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Solving Problems with Nature - Naturally

Certified Wildlife Biologist
Wildlife Author - Wildlife Lecturer - Wildlife Photographer
Non-Lethal Control of Bats since 1983

NH Nature

New Hampshire Nature Notes by Eric Orff

Thursday 10/16/2014 The kettle top is rattling!

We've all peeled a bunch of potatoes and put them on the stove to cook. Always on high as we get the rest of the meal going. And what is it that quickly draws us back to the stove before the potatoes boil all over the stove top? The kettle top starts to rattle just before it boils over so you rush to the stove to turn down the heat.

I think our New Hampshire seacoast is starting to rattle from our ever warming sea. It is time to turn the heat down. Just two weeks ago a Gulf of Maine Institute Report shows that the Gulf of Maine is warming faster than 99 percent of this world's seas. Yes climate change is impacting the waters right in our own back yard more than anywhere else.

We are just a couple of days away from this fall's King Tide when we will see first hand the pot boiling over into back yards and buildings all along our coast. Bad luck may brew up an east wind sending ever more sea water to inundate place not touched by the sea before. Yes the cover is rattling.

And there are plenty of other signs that something bad is brewing in this excess carbon heated pot. One needs to look no further than the loss of the Northern shrimp fisheries this past winter in the Gulf of Maine. A total loss of a 12 million dollar a year commercial fishery. Yes with the Gulf temperatures up on average a half of degree a year since 2004 shrimp no longer can successfully reproduce here.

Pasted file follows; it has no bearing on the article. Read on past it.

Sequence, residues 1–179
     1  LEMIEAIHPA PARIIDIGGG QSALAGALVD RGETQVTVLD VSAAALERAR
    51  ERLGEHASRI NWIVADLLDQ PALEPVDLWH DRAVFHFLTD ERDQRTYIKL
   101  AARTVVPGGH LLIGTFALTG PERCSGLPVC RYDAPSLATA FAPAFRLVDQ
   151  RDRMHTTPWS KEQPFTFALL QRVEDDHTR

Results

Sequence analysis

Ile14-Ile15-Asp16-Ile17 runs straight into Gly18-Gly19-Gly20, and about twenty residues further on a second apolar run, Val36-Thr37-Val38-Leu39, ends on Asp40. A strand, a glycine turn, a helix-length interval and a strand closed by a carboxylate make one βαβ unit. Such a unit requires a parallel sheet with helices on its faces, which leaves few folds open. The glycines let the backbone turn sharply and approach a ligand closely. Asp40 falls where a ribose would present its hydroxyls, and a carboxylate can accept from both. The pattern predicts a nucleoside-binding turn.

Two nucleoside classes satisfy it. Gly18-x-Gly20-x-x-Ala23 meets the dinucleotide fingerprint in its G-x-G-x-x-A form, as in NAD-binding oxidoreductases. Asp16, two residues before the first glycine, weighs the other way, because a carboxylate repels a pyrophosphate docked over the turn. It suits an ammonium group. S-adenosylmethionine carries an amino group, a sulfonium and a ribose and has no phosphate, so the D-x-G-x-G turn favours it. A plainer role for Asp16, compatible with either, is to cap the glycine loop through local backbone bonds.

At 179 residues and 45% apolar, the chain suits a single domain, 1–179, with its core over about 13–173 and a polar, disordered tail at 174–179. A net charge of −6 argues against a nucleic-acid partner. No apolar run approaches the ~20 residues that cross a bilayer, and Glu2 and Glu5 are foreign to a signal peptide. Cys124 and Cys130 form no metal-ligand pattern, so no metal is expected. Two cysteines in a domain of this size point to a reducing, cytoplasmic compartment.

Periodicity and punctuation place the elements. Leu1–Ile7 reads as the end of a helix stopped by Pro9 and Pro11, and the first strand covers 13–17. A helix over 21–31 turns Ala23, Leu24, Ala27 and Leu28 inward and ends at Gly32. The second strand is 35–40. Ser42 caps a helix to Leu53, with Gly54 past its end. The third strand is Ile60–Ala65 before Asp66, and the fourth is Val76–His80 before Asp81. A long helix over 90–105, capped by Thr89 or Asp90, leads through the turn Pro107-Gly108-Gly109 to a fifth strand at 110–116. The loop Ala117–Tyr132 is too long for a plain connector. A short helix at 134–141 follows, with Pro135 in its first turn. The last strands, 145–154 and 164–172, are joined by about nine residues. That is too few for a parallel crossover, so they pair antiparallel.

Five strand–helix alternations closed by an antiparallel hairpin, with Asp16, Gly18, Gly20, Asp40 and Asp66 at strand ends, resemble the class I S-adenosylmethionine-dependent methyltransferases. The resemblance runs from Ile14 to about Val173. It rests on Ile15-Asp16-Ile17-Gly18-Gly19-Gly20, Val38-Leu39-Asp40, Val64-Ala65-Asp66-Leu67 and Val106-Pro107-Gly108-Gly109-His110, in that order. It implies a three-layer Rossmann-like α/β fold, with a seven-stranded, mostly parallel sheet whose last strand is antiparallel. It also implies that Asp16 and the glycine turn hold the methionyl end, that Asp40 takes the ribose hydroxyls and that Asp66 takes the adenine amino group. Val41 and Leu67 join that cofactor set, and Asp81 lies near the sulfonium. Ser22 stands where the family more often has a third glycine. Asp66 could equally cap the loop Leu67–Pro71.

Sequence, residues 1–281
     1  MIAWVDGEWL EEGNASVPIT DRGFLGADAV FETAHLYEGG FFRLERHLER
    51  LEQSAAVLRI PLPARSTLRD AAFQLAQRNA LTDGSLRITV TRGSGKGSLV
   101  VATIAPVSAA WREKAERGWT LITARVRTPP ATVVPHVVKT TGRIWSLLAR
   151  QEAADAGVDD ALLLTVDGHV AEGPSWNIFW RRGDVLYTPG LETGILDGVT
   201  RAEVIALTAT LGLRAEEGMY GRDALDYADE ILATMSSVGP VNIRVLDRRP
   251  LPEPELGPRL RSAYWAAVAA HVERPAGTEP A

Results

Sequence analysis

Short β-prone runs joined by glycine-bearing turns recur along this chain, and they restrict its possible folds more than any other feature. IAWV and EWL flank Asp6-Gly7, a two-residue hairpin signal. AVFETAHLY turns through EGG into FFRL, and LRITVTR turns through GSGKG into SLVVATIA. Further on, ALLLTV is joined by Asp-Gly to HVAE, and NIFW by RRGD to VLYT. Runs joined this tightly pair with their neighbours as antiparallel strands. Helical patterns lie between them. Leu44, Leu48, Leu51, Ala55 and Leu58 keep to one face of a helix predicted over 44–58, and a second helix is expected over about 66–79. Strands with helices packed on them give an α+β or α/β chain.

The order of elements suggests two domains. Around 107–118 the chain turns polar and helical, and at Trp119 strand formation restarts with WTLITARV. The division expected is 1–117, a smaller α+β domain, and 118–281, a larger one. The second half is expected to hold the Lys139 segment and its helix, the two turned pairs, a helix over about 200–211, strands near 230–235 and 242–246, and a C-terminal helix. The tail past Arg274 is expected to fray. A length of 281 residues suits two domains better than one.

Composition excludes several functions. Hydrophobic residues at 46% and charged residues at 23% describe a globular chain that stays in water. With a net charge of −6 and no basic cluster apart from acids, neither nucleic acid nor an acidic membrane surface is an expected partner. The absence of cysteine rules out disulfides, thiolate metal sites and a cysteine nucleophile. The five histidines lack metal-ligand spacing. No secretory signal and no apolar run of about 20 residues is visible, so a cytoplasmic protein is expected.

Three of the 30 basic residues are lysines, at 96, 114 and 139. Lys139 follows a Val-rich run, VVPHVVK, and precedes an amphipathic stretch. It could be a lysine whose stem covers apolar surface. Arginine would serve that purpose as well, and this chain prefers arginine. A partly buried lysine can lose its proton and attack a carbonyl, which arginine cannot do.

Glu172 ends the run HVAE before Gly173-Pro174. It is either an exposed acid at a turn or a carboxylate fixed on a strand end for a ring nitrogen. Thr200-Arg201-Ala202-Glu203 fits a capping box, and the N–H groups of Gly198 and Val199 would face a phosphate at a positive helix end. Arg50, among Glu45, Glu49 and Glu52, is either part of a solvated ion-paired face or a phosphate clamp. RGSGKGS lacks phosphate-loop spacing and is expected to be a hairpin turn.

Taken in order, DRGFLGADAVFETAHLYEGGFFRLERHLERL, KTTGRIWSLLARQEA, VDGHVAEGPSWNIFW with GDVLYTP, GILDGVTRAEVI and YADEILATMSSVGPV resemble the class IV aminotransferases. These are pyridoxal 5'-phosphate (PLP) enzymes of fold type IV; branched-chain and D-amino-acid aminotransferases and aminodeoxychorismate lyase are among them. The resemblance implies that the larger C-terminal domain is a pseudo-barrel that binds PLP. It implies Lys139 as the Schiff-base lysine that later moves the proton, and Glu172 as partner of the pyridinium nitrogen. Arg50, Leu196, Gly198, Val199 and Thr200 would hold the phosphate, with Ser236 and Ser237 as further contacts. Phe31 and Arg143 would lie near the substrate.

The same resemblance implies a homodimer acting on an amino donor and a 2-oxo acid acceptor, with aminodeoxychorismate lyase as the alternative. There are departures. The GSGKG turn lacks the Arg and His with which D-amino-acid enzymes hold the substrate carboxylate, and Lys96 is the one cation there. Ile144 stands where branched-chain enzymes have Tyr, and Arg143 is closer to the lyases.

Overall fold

To the south of us in Long Island Sound more than a decade ago a warming trend brought record lobster catches. All was well until the Sound became too warm for lobsters and now over 90 percent of the lobster population has disappeared. Maybe it is no coincidence that as the Gulf of Maine has warmed there has been annual record catches. Just where is that tipping point that our lobsters too run out of steam.

I happen to help a friend check his traps down out of Portsmouth and have for a couple of decades. Last summer climate change bit me. Yes I saw the pot rattle when we pulled a trap only to discovered a weird looking fish in a trap. So I went to nudge the fish over a bit to take a picture. That's when it took a chunk out of my finger. It turned out to be a Gray Trigger fish, as in the tropical kind, that use their teeth to eat coral. Yes, I was bit by a Gray Trigger fish in Portsmouth NH! In fact we caught two that day. Other tropical fish are being reported as well recently.

Yes the kettle top is rattling and we definitely need to turn down the heat. And that is just what the EPA's newly proposed rules to cut carbon from new and existing power plants would do. Lets all get behind this effort to keep our sea from boiling over.


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